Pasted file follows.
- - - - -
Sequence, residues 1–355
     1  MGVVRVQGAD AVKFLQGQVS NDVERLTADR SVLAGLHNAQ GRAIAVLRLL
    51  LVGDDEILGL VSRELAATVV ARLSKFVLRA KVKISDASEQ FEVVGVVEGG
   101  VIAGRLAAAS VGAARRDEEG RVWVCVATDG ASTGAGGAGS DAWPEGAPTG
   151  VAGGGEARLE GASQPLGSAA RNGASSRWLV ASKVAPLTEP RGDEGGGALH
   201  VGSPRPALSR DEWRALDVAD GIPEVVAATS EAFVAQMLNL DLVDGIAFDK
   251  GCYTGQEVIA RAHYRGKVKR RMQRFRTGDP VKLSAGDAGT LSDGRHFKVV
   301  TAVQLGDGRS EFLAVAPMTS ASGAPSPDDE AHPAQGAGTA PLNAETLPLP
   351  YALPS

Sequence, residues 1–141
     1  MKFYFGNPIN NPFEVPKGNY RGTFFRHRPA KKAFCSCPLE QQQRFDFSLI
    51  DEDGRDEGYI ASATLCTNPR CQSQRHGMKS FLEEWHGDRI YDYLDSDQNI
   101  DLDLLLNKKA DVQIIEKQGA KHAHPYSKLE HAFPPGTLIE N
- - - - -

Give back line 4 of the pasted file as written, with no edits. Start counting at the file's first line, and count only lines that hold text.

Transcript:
   101  VIAGRLAAAS VGAARRDEEG RVWVCVATDG ASTGAGGAGS DAWPEGAPTG